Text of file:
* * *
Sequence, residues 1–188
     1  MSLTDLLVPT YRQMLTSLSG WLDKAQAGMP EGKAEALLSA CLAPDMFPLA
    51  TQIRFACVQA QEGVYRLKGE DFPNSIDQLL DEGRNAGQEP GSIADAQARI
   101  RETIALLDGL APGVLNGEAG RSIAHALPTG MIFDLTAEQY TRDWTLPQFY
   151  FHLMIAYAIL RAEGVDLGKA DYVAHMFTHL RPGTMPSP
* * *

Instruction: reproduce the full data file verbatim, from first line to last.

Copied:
Sequence, residues 1–188
     1  MSLTDLLVPT YRQMLTSLSG WLDKAQAGMP EGKAEALLSA CLAPDMFPLA
    51  TQIRFACVQA QEGVYRLKGE DFPNSIDQLL DEGRNAGQEP GSIADAQARI
   101  RETIALLDGL APGVLNGEAG RSIAHALPTG MIFDLTAEQY TRDWTLPQFY
   151  FHLMIAYAIL RAEGVDLGKA DYVAHMFTHL RPGTMPSP